Wednesday, May 23, 2012

Mental Snapshots: Flight DFW to Germany

Do you ever experience something and later have a part of the memory stuck looping through your head? I have a few memories like this from our flight from Dallas, Texas to Frankfort, Germany. (13 hours stuck on a plane might have something to do with this. ;))

When we were waiting to board the flight in Dallas, there were several mothers with small children. I noticed a blond, curly-headed toddler with his mom- I'll call him Matt- and another darker headed toddler with his obviously expectant and tired mother. Matt was very curious about Elias, like most young children are, and kept inching closer and closer to look at the baby. Finally, he came over and investigated for real. He was very sweet and gave Talia a spontaneous hug. Suddenly, the other toddler had had enough of sitting in his stroller and started wailing in anguish. His mom looked embarrassed and tried to console him, but she was too pregnant and he too big to pick up comfortably and he really wanted to run around but couldn't because we were boarding soon. Matt heard his crying and his face wrinkled up like he was trying to figure out the problem. Then, he went over to the crying toddler and hugged him. The crying toddler stopped crying and his face brightened at his new friend. The whole area watching him chuckled.

When we boarded the plane we had a middle row of three seats sandwiched between aisles dividing a set on either side of us with two seats. I was across from a middle-aged couple who were oblivious to the world. I never stared at them, but being in an enclosed space makes it hard not to notice some things. The man gave the woman a foot massage and then rubbed her back before they went to sleep. Their conversation seemed to fluidly move between German, English, Spanish and French... who knows what other languages I didn't notice. They had a bag full of fruit and ordered a vegetarian meal. They appeared to be very close, like people who were good friends as well as a couple. The woman seemed very sad, and broke into deep sobs twice and maybe that's why she's still in my mind. I prayed for her there on the plane and now, when I remember her.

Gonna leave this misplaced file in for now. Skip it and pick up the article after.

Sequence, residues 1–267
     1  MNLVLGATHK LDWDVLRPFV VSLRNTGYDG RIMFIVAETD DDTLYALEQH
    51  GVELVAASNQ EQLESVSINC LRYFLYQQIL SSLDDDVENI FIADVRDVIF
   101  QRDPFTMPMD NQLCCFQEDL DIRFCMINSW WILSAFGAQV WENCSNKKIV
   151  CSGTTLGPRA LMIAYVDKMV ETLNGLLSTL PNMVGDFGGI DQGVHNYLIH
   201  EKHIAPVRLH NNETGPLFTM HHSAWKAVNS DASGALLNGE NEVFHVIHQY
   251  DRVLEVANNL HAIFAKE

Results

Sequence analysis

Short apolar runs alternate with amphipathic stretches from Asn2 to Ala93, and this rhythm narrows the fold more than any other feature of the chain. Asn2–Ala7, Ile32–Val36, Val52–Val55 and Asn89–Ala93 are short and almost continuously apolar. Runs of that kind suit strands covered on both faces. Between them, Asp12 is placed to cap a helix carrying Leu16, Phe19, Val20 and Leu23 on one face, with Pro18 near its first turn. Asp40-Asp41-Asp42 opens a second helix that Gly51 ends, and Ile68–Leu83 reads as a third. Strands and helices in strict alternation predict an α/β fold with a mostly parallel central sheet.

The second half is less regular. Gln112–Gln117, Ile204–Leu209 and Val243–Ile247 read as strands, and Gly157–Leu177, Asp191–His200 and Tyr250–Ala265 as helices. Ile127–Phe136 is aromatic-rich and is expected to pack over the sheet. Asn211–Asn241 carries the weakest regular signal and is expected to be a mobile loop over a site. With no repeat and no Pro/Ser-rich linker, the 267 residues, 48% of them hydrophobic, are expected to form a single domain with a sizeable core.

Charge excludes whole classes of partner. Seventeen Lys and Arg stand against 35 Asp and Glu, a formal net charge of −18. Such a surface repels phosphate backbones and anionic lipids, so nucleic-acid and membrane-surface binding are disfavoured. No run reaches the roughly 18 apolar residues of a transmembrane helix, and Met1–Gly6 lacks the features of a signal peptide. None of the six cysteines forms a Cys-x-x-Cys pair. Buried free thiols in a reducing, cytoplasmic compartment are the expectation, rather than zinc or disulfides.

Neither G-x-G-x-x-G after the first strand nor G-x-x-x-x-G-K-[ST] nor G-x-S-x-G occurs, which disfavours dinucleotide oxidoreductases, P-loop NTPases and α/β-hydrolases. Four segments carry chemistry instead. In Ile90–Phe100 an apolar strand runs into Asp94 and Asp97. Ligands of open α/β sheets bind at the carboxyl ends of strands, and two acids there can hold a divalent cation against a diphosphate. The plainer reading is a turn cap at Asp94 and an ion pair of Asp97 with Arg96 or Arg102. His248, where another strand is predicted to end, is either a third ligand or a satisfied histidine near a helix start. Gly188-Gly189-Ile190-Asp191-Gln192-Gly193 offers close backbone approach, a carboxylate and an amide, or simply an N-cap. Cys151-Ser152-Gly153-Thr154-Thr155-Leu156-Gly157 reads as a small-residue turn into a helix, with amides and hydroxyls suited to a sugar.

On the other aisle across from Talia and my sister was another lady who seemed distant and tired. As the flight wore on, Talia was overstimulated and uncomfortable and having a hard time going to sleep. My sister, to give her something to do before trying to settle down again, got up to take her to the restroom. Talia tripped on something and hurt her toe. She tried to be big and hold the tears in, but couldn't help the tears that still came out, but she didn't vocalize it. We had told her to be as quiet as she could since many people were sleeping, and she did a really good job at it. The lady across from them saw the whole thing and when Talia came back she gave her a TootsieRoll Pop and Talia told her "Thank you." At that moment, it was exactly what Talia needed.

I know in my head that people are not always what their appearance portrays to me, but as a human, as a survival instinct, I still can't help but notice and perceive things about them through the filter of my experience. I think most of the reason why these snapshots are stuck in my head, is that they each were examples of humans acting out love in daily life. That's the kind of snapshot I don't mind remembering.


  1. That is so true and I love to hear stories of life like this. There are some very real and caring people in this world. I love to watch and observe too. Thanks for sharing this with us.

  2. It's so easy to overlook all of these simple expressions of care and kindness. I think because we expect that it should be this way all the time and it is easier to notice when it goes wrong and people are unkind. I recently had a conversation with a friend who was becoming overwhelmed with all the terrible things that people do to each other. By the end of the conversation, after counting up so many instances similar to the ones you shared, we determined that humanities' kindness still outweighs it's cruelty or even apathy.